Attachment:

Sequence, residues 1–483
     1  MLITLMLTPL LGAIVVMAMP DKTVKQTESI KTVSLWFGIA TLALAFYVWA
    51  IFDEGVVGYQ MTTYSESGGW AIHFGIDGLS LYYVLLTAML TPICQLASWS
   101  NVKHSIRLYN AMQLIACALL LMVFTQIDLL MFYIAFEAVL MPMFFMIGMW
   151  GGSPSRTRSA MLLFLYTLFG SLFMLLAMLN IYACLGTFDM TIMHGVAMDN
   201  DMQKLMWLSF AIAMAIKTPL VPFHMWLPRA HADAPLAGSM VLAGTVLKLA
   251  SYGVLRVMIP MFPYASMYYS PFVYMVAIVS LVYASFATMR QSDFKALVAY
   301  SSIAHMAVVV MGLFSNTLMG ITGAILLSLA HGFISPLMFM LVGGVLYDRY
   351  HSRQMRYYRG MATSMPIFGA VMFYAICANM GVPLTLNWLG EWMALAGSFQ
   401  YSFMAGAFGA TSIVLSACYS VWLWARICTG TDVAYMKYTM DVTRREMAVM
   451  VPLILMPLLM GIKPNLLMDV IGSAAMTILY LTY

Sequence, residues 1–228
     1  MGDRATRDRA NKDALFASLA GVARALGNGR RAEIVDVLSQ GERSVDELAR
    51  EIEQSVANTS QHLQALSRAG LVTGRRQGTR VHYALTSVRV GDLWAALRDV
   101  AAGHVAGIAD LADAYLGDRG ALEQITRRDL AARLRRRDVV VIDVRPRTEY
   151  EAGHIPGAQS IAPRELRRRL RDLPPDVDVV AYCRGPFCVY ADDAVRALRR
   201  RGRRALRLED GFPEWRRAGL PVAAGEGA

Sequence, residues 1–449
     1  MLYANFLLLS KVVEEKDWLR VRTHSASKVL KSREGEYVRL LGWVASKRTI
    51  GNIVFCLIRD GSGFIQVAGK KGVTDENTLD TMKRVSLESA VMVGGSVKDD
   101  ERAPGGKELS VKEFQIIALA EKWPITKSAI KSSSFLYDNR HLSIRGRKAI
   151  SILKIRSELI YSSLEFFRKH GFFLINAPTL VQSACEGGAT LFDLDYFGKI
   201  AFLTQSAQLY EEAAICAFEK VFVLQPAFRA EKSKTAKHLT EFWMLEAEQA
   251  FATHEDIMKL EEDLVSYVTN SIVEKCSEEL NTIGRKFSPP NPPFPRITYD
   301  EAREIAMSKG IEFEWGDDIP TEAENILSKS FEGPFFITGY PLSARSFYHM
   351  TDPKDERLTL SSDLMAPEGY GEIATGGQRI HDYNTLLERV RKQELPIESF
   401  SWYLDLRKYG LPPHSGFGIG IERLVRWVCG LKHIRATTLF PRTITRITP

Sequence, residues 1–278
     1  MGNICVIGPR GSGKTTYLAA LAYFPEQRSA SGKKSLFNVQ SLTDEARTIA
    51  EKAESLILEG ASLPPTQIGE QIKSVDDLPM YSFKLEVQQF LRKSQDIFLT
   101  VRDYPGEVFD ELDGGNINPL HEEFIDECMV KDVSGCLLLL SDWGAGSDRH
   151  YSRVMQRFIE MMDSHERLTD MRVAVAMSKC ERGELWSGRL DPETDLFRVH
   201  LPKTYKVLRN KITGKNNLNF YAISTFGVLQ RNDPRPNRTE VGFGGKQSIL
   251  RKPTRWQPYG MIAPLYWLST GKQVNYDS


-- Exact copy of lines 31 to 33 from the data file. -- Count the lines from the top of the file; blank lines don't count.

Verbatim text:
   101  VRDYPGEVFD ELDGGNINPL HEEFIDECMV KDVSGCLLLL SDWGAGSDRH
   151  YSRVMQRFIE MMDSHERLTD MRVAVAMSKC ERGELWSGRL DPETDLFRVH
   201  LPKTYKVLRN KITGKNNLNF YAISTFGVLQ RNDPRPNRTE VGFGGKQSIL